Australia is facing a national crisis as bushfires continue to ravage through rural communities across NSW and Victoria. Since September last year, at least 27 people have died. More than 2,570 houses have been destroyed, and 6 people are confirmed missing.

New South Wales managed to avoid large-scale blackouts during great electricity demand and the sudden loss of power when bushfires disrupted transmission. During this condition, the risk of a power outage is greater and people should be prepared to manage blackouts. To ensure bushfire electricity supply every resident should reduce unnecessary electricity usage because every megawatt counted. Here are the best ways to help:

  1. Produce your energy

Produce your own energy through photovoltaic solar panels on your rooves. Go with the trend, solar is booming in Australia and you could save dollars by going solar. The average price of solar panels is much lower than the average price of electricity on the grid.

  1. Use energy-efficient lighting

Incandescent or halogen light bulbs consume more energy than LED bulbs because they use 75% less energy and last 25 times longer than incandescent bulbs. It also produces a better quality of light. If you’re already using LED lights, get a dimmer switch to reduce wattage. Use task lighting, a desk lamp for reading and counter lighting in the kitchen. If it’s a sunny day, close the lights and open the curtains to illuminate the house. It’s 20 to 100 times better than lights.

  1. Check your thermostat

An improperly functioning or poorly programmed thermostat consume large energy. If you have a central heating system, during summer set your thermostat to 25 or 26 degrees. Every degree below 25 can add about 10% to your bill. During winter, set your thermostat between 18 and 20 degrees. Every degree above 20 can add 10% to your electricity bill. You can also consider changing your old thermostat because they are not precise. Try switching to modern fully programmable thermostats to reduce electricity consumption by 10%.

  1. Be practical with your laundry

Hot water consumes large energy, try to use a cold wash setting for your laundry if possible. Always set your washing machine to the correct load size. Run your machine and dryer on full load. Use your dryer when clothes are wrung well first. Use a clothesline instead of a dryer as possible. Keep your dryer in tip-top shape by cleaning the lint trap every time you use it. This helps it run more efficiently. Efficiency saves more energy and ensures bushfire electricity supply.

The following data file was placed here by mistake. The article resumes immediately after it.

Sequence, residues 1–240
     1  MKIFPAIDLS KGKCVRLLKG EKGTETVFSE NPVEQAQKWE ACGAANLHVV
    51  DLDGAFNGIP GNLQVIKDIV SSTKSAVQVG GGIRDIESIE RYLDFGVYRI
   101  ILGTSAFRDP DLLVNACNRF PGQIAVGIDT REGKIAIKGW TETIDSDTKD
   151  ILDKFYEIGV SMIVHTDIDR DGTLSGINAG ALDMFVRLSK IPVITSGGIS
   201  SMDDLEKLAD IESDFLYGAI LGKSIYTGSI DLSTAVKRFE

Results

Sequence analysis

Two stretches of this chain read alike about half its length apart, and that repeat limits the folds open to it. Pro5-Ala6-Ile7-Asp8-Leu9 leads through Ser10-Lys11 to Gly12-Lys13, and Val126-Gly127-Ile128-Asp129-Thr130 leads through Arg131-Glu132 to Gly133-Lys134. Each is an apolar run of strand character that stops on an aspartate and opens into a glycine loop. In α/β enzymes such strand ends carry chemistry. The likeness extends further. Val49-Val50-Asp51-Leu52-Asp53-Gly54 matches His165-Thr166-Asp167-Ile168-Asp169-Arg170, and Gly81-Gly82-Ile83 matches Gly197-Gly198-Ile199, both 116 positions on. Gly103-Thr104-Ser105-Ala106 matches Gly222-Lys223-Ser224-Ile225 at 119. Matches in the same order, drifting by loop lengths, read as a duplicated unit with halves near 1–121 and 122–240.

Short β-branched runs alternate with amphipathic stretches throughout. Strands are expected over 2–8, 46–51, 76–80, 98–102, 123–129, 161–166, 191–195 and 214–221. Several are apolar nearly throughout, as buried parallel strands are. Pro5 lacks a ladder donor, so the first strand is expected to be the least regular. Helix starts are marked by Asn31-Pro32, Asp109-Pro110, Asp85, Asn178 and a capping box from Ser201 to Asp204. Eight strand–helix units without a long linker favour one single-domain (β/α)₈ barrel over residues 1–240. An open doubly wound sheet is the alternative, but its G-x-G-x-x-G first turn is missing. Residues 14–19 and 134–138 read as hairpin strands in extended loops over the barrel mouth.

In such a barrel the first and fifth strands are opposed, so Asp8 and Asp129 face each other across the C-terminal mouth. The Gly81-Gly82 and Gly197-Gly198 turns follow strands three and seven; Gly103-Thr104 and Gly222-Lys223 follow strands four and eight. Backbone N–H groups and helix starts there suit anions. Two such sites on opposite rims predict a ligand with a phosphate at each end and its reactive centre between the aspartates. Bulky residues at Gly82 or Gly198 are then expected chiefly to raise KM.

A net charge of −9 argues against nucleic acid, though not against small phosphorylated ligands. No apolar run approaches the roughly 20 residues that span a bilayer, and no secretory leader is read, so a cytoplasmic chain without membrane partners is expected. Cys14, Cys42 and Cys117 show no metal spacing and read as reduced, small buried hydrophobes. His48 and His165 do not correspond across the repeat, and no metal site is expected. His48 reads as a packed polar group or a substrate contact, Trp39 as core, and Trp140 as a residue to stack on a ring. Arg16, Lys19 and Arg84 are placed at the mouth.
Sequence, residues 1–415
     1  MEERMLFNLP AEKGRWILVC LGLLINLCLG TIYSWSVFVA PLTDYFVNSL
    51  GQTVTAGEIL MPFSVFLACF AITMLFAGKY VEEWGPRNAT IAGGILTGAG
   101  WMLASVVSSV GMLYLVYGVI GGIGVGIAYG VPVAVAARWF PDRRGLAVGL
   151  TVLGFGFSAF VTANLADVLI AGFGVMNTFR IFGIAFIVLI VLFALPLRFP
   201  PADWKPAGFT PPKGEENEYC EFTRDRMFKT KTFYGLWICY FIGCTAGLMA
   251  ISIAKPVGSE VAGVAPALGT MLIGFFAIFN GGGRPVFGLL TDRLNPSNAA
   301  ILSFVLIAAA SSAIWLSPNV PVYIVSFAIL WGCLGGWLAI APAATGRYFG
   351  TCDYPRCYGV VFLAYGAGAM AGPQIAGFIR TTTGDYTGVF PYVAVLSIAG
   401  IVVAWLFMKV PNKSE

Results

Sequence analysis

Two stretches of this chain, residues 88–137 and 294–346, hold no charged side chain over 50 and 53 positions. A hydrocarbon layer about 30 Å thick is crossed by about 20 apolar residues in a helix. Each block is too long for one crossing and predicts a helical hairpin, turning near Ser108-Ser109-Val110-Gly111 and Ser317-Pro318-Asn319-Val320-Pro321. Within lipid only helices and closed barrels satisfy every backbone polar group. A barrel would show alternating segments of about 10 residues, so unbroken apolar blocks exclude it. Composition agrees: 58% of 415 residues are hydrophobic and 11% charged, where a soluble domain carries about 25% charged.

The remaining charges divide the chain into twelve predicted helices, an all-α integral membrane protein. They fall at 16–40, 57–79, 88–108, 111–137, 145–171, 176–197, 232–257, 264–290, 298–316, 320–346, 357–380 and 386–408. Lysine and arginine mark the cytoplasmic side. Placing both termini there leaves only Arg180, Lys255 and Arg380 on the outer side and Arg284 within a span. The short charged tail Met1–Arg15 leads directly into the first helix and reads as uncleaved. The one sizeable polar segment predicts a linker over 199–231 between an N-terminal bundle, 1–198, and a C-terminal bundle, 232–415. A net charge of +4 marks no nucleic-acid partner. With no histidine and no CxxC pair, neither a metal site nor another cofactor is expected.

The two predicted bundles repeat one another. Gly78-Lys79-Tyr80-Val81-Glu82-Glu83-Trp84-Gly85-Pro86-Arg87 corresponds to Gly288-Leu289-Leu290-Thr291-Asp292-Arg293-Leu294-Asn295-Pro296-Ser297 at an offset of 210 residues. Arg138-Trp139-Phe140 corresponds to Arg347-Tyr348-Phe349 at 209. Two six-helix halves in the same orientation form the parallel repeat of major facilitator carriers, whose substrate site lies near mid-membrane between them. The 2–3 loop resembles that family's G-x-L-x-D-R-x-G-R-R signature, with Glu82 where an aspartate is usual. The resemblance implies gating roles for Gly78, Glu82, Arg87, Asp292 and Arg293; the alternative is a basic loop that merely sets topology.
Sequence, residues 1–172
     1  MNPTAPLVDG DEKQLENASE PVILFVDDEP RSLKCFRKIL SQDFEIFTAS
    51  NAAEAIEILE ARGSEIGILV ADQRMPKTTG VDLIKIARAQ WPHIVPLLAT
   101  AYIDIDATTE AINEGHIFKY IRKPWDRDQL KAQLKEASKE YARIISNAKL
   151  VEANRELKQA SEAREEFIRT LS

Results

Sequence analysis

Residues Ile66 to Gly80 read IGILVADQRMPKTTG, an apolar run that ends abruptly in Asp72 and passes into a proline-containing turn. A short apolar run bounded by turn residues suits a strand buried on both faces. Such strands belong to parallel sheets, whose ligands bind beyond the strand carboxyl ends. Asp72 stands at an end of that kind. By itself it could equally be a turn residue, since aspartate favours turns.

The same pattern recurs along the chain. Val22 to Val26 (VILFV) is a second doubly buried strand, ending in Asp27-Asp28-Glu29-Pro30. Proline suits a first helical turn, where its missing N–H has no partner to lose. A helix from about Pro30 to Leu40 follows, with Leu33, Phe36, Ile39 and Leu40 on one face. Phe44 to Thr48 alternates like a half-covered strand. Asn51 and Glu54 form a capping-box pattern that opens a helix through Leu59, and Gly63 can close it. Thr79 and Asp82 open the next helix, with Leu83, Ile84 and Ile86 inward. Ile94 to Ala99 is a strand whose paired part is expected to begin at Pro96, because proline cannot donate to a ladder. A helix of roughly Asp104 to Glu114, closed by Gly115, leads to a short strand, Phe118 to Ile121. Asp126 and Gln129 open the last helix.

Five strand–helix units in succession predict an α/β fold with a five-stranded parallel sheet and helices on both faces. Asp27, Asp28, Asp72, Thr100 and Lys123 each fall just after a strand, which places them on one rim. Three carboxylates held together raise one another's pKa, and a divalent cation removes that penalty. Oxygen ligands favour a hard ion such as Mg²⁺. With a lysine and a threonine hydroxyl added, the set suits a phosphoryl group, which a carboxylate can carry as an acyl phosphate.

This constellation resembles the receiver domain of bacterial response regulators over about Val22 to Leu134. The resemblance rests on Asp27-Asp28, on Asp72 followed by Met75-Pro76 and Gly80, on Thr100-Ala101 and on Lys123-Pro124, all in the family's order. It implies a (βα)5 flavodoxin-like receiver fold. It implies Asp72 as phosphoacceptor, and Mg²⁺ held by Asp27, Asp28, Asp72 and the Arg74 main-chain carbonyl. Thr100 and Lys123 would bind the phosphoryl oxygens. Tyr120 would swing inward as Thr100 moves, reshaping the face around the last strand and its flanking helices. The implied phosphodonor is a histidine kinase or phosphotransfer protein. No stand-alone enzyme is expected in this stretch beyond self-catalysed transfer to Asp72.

1. Switch off your appliances at the wall

Standby appliances such as TVs, DVD players, stereos, game consoles, and even phone chargers consume energy when they are not being used. When not in use, switch off your appliances at the wall. Turn off your appliances and devices completely before you go to bed. You can also buy a smart power board to stop standby electricity for you.

  1. Insulate your home

Insulation is a cost-effective way to improve your energy efficiency because it helps reduce your heating and cooling costs. Insulation can save homes up to 45% of electricity costs. Insulation keeps your house cool in the summer and warm in the winter. You don’t need to use your AC or central heating to keep the house comfortable.

  1. Step up your dishwasher

Use energy star qualified dishwasher to save up to 5000 gallons of water a year. Load your dishwasher correctly, so that you’ll get your dishes clean the first time. The next step is to air dry your dishes. Avoid using the heat dry cycle instead open the door and let your dishes dry. The heat dry cycle is energy taxing. Allow your dishes to dry naturally, it is more energy-efficient.

  1. Save energy in the kitchen

Reduce your electricity use in the kitchen. Microwaves, pressure cooker or electric frypan use less energy than a traditional electric oven. When using an oven, avoid continuously opening the door. Check your fridge, make sure that the seal is airtight. A leaky seal lets cold air escape and increase your energy usage. Set the fridge temperature between 4 to 5 degrees and the freezer should be between minus 15 to minus 18 degrees for optimal performance. Thaw food in the fridge to reduce cooking time.

  1. Check appliance settings

Adjusting the setting on certain appliances can reduce your electricity consumption. Check if the fridge is running too cold and the TV and computer aren’t too bright. Make sure to use the eco settings on the washing machine, clothes dryer, dishwasher, and air conditioners whenever possible.

  1. Close doors and curtains

When running your air conditioner, make sure the windows, doors, and curtains are closed. Also, block draughts around the house to trap air inside. The harder your AC works, the more energy it uses. During summer keep your curtains closed throughout the day to keep your house cool. During winter, make sure all the windows are sealed properly to keep the heat in.

Use these 10 electricity-saving tips to reduce your electricity consumption. Reducing our electricity use will help ensure that there’s enough electricity supply in the bushfire-ravaged areas.